• Aurelio M. Montemayor, M.Ed. • IDRA Newsletter • May 2016 •
A group of about 20 student leaders from the community-based ARISE Las Milpas center have been asking some key questions: Why can’t I take advanced math courses even if I already have taken the minimum required for graduation? What does it cost to attend an out-of-state college? Where are the resources for financial aid? How can we help our parents know about these things?
Carla Judith Reyna, a young adult and coordinator of youth activities at ARISE Las Milpas, has supported this group of middle school and high school students with planning, carrying out activities and recruiting persons who can be resources to them. A sophomore in college, Carla interrupted her college studies to spend a year supporting these activities.
Some of the resource people she recruited were students from their neighborhoods who had college experience. Pedro Nepomuceno (whom IDRA highlighted in our November-December 2015 issue) spoke to the students about the college experience. He has a bachelor’s degree from Texas A&M University and is currently in nursing school at the UT Health Science Center in San Antonio.
The youth leaders come from neighborhoods that have had little if any support in the past for these efforts. The students are breaking ground, ascribing to the #AllMeansAll hashtag. They agree with the goals set by their innovative school district that every high school graduate will already have earned college credit hours while still in high school. Some plan to graduate with an associate’s degree from the local community college.
One of the students, Brandon Márquez, is a sophomore at an early college high school, where he is currently taking a full load in high school along with some dual credit college courses. His Algebra II and World Geography classes are taught in Spanish. His mother co-founded the ARISE Cesar Chavez Comunitario PTA. Brandon began his volunteer work with ARISE in his colonia of Las Milpas when he was 11 years old and had just completed fifth grade.
He and his friends mentored first and second graders. They led reading activities, crafts like making bracelets, and physical games. He considers working with young children and peers an important part of leadership.
Brandon also has served as part of the youth team at his ARISE Las Milpas Center. A few years ago, his team chose to make college preparation a priority. All year, they participated in workshops and retreats to learn more. They organized and co-led meetings where counselors and college students were invited to speak to them and to other members of the community. That year culminated with a field trip to a college campus, where their guides were part of the group of college students who had adopted them as college mentors.
Brandon and his friends are active at their ARISE community center, which is located in a barrio with serious economic challenges but with an abundance of human resources and energy. They volunteer to help older folk, do area clean-up and get involved with the activities planned by the Comunitario PTA. Last year, the Comunitario PTA worked with others in the community, including the Rio Grande Valley Equal Voice Network, to conduct a survey in their neighborhoods to find out what families knew about graduation requirements and preparation for college. (See Bahena, 2015)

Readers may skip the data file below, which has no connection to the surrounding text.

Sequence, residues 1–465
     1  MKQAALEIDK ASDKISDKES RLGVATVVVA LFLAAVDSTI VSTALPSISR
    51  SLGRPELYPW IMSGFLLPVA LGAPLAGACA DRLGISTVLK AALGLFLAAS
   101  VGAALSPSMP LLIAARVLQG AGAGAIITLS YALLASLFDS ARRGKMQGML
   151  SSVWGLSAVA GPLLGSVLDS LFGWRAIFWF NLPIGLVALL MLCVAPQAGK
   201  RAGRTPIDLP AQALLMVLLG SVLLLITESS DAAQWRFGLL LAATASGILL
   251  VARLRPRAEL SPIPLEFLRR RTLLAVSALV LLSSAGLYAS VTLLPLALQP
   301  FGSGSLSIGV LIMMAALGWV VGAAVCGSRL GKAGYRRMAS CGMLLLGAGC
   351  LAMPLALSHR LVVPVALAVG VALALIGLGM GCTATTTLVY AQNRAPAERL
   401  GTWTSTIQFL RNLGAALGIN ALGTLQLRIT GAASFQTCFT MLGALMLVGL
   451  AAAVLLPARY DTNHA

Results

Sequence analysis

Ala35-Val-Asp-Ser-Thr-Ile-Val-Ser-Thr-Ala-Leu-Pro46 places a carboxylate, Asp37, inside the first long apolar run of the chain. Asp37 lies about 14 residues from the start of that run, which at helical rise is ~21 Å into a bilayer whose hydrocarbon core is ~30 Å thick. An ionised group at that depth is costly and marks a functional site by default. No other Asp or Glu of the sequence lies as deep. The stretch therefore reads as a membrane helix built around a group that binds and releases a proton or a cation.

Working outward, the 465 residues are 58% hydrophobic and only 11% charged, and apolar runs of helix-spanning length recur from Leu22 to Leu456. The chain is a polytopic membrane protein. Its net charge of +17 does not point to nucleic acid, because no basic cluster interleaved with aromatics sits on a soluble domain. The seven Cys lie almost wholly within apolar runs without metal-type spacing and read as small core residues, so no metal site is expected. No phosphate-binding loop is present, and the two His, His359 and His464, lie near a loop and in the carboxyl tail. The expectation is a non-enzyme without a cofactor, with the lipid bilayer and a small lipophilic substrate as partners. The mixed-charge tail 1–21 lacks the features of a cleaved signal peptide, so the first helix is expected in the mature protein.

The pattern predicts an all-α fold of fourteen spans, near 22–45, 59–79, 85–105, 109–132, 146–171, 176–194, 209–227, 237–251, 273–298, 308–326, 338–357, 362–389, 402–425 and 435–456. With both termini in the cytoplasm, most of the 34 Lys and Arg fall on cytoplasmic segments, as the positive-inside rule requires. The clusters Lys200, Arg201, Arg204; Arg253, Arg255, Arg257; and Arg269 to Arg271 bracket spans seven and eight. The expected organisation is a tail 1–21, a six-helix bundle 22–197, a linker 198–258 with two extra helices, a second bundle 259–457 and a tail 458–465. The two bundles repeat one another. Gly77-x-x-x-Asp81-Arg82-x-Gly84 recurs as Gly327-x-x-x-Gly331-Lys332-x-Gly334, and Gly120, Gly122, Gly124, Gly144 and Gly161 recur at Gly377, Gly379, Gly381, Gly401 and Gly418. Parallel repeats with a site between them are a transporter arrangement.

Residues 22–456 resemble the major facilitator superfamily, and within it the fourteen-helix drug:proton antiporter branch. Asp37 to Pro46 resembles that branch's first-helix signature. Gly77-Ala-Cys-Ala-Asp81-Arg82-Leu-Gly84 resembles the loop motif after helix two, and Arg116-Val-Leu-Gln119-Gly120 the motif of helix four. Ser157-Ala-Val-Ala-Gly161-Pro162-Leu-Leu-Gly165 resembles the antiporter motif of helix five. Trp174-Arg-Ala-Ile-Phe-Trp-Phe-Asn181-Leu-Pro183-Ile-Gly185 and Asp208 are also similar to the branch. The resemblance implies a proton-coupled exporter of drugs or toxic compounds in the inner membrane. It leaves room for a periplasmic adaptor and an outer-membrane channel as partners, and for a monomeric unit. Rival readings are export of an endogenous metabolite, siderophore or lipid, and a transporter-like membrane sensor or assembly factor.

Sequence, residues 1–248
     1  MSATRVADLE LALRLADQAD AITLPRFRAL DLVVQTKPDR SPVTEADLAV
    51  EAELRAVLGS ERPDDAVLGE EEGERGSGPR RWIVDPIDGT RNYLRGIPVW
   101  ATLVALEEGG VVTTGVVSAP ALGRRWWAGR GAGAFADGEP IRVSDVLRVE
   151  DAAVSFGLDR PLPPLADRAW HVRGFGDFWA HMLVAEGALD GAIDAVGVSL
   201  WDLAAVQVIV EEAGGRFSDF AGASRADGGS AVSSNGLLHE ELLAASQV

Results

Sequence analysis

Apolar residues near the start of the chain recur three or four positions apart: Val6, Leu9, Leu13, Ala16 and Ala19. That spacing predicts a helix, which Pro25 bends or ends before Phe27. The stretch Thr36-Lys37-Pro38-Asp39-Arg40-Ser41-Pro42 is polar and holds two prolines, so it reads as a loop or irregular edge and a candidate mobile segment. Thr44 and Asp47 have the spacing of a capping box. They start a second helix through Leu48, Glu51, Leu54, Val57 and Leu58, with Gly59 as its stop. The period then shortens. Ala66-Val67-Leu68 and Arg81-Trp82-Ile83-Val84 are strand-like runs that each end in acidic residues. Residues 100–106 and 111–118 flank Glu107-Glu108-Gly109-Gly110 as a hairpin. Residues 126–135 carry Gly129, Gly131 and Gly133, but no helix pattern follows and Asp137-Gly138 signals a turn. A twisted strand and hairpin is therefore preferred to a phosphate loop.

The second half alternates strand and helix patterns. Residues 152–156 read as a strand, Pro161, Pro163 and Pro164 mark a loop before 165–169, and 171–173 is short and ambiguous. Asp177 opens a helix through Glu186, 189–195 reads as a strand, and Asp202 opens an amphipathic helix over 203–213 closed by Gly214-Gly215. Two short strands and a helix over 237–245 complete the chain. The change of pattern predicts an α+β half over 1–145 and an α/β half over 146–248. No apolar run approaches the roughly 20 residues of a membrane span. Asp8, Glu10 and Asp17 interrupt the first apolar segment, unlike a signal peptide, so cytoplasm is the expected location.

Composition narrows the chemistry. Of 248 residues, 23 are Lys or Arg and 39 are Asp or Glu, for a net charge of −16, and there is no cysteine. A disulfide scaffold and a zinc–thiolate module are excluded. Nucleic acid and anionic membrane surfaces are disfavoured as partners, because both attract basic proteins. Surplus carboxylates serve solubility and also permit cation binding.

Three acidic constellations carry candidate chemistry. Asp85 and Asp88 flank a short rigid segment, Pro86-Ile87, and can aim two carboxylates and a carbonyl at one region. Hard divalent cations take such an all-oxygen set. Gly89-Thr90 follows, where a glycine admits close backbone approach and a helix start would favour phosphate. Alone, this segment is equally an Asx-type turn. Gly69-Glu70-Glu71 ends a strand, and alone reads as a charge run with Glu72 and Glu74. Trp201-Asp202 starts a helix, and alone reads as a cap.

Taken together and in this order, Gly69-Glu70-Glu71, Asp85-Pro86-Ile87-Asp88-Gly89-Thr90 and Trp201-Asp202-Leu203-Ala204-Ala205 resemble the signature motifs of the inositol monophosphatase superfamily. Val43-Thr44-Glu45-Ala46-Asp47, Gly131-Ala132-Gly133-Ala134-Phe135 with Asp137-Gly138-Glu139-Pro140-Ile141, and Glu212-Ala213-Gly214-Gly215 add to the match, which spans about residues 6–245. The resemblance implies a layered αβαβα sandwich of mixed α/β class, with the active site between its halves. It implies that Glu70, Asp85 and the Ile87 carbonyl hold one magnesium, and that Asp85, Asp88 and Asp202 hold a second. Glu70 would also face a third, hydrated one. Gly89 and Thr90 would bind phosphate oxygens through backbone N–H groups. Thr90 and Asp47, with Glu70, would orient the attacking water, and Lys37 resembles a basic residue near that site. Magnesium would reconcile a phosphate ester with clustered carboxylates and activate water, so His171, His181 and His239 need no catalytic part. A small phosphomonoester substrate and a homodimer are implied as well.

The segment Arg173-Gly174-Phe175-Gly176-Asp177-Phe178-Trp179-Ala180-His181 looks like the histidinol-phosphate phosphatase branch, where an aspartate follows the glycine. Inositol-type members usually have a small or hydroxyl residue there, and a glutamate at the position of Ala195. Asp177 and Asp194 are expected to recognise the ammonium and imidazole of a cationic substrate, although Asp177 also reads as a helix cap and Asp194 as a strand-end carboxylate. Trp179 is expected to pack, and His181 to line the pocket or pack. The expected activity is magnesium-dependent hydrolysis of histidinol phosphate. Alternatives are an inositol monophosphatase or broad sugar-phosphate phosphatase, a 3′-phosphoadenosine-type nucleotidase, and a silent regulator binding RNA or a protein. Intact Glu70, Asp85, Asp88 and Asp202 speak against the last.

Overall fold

As a follow-up to the survey, Brandon and his peers participated in a Saturday event where students presented to the families about several key educational issues related to high school graduation and college entrance. The students and families were presenters in sessions about dual credit classes and why these were significant; full biliteracy that results in biliteracy honors at graduation; dropout recovery that leads to college enrollment and success; and adult education that is giving their parents opportunities to learn English and continue their education.
Students were the emcees, presenters, guides and participants at this Mini Mesa Comunitaria. Adults helped with planning and preparation, and the students shone as leaders with great verve and assertiveness. Many had never presented at a conference like this, much less to adults. The student voice was powerful, informative, moving and highly motivating to all who attended.
The environment of service and community spirit that ARISE engenders clearly shows in both Carla and Brandon. They are challenging counselors and others who attempt to dissuade their peers from taking advanced courses in math and science. These youth are challenging the stereotypes of their neighborhoods and peers, saying instead, “Yes, we are college material. Yes, we can excel in difficult courses. No, we do not wish to take the easier routes much less drop out.” In doing so, they are serving their vision to earn college degrees and make their families “very proud of our accomplishments.”
From field trips to colleges, to having high school and college counselors give them tips and support, these young people are demonstrating leadership for college preparation and admission.
Bahena, S. “‘Our children could get lost’ – Rio Grande Valley Parents Gather to Discuss Policy Implications,” IDRA Newsletter (San Antonio, Texas: Intercultural Development Research Association, November-December 2015).
IDRA. “College Students Describe What a School’s College-Going Culture Really Means,” IDRA Newsletter (San Antonio, Texas: Intercultural Development Research Association, November-December 2015).
Aurelio M. Montemayor, M.Ed., is a senior education associate at IDRA. Comments and questions can be directed to him via email at firstname.lastname@example.org.
[©2016, IDRA. This article originally appeared in the May 2016 IDRA Newsletter by the Intercultural Development Research Association. Permission to reproduce this article is granted provided the article is reprinted in its entirety and proper credit is given to IDRA and the author.]